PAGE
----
No Pause from Politics in Latest London Terror Plot By Stephen Barber
Perhaps the most telling political intervention following this month's failed attempt to bomb a London Tube train came from Scottish Conservative Leader Ruth Davidson. “On the day of a terror attack where Britons were maimed, just hours after the threat level is raised, our only thoughts should be on service,” she tweeted at her colleague, the Foreign Secretary Boris Johnson. Johnson wrote a 4,000 word controversial article published nationally renewing the case for a hard Brexit, and in doing so, stretching the principles of collective responsibility.
There is little love lost between Davidson and Johnson. They are two popular figures from very different backgrounds and on opposite sides of the Brexit referendum campaign. But it is telling that Boris, a London MP and former Mayor, needed a member of the Scottish Parliament to remind him of the seriousness of the threat to the Capital. And it wasn't just the marginalised Foreign Secretary reasserting his relevance ahead of Prime Minister Theresa May's long trailed Florence speech on the UK/EU negotiations. This time politics did not really pause.
The usual defiant statements were of course issued. The authorities managed the terror threat levels. Press conferences were staged and journalists reported developments. But it was largely business as usual in Westminster and Whitehall. The Opposition maintained its critical stance of this weak administration, domestic debates rolled on unabated, and the government exposed its divisions (once again) over Brexit.
Indeed the biggest political story seemed to revolve around another tweet. This time President Trump's unhelpful assertion that “Another attack in London by a loser terrorist. These are sick and demented people who were in the sights of Scotland Yard. Must be proactive!” drew a polite rebuke from London.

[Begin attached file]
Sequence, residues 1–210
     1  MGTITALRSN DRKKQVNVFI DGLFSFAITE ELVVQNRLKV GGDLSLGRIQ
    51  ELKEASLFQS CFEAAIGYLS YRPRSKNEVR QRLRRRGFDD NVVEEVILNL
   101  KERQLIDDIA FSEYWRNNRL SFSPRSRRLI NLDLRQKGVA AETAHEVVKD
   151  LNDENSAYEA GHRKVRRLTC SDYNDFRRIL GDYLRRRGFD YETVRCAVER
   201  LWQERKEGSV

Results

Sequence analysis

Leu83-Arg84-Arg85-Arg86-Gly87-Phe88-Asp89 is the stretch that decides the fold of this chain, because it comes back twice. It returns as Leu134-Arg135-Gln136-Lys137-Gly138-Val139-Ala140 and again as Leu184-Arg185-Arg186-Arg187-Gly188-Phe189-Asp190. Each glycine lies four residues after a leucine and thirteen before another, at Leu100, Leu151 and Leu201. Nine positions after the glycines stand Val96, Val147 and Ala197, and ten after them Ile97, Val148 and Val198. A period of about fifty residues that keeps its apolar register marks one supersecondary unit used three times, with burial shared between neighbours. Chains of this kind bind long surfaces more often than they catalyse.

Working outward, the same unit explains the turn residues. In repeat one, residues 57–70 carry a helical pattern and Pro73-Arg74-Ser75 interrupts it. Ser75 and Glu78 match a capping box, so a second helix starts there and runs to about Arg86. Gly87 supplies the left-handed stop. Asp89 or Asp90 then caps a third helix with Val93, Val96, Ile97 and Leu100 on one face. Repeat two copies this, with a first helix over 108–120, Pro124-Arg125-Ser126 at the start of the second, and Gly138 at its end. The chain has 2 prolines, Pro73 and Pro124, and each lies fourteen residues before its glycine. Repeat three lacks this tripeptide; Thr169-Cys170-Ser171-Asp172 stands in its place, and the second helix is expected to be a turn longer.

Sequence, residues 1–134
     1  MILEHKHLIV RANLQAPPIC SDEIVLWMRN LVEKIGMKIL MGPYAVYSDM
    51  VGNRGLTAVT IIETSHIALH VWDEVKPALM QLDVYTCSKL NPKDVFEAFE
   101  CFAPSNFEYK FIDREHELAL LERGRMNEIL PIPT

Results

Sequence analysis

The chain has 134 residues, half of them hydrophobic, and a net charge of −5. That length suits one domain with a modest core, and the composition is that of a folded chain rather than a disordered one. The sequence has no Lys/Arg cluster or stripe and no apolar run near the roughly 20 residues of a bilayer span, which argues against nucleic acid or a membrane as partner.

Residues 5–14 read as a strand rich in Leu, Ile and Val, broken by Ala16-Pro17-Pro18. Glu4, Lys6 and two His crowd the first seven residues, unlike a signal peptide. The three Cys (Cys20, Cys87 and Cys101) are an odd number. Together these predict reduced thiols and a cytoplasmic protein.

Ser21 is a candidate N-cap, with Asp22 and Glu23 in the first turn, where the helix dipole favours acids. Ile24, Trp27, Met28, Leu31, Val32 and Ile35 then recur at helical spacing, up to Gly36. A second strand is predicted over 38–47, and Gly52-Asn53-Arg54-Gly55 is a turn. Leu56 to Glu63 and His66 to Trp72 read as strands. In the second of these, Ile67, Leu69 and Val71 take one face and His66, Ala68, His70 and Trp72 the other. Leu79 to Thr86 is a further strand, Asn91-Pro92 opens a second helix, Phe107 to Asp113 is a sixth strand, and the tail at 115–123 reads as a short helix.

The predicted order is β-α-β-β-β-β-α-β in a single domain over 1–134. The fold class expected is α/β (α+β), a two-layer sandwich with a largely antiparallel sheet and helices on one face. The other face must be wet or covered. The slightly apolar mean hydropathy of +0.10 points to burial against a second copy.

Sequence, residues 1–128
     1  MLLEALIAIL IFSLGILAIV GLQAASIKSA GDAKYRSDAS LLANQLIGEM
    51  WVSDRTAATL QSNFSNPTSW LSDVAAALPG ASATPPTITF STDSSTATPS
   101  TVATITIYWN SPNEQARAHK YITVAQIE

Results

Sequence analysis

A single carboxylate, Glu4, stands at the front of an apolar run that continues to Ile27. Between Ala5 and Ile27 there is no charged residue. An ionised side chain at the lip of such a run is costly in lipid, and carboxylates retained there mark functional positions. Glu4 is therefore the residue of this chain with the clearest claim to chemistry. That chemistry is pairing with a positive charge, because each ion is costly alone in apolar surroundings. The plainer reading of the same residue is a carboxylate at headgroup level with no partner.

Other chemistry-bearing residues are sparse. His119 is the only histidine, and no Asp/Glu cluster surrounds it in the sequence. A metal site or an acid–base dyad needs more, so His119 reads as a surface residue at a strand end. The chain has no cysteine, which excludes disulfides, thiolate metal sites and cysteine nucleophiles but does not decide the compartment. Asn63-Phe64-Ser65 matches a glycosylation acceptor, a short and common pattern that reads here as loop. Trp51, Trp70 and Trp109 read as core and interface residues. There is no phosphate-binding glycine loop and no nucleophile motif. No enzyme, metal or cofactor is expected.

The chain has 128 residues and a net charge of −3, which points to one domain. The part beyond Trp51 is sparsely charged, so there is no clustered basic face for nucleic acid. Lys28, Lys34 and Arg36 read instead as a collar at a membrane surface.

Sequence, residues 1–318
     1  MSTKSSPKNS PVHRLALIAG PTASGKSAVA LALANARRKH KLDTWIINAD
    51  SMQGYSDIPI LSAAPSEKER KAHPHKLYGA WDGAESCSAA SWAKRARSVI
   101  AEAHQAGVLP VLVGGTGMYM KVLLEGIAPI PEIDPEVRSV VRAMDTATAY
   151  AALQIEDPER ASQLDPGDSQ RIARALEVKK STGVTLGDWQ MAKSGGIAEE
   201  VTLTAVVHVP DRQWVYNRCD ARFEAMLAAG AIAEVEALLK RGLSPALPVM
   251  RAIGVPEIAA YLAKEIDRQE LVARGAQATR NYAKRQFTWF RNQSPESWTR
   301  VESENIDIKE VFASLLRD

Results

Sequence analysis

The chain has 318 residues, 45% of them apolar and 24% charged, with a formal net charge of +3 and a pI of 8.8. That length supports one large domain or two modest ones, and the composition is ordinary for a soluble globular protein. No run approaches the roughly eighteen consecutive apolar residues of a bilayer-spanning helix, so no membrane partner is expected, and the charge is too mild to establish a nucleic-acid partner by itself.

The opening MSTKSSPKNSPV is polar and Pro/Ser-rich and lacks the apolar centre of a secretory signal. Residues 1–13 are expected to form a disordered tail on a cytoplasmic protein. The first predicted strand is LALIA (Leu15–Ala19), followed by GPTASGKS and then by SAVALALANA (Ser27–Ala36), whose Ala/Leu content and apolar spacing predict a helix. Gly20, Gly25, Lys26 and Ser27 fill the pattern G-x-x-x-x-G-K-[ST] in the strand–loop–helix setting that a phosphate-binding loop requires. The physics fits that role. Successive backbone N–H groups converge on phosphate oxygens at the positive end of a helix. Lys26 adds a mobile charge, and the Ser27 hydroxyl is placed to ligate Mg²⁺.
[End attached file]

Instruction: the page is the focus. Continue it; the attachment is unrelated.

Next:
Now let's be clear - this was a failed plot. The devise did not properly explode, injuries suffered by the public were relatively minor and the attacker(s) fled the scene. Moreover the police and security operation appeared successful with a series of significant arrests in the following days.
But it was the fifth attempt by terrorists to kill innocent people in the UK this year, four of them in the capital. London has now lived with this terrorist threat for twelve years since the devastating Tube bombings of 2005. Then there was the slaying of soldier Lee Rigby in 2013. The number of incidents this year, in the UK and other European countries, shows that the frequency of attacks has increased.
The political reaction was muted this time because the consequences of this incident were relatively minor. There is little appetite to push the button for more authoritarian measures. We could just be getting used to these attacks or maybe Brexit represents the bigger threat to British interests.
Stephen Barber (@StephenBarberUK) is Associate Professor of Public Policy at The University of Bedfordshire and a Senior Fellow of the Global Policy Institute.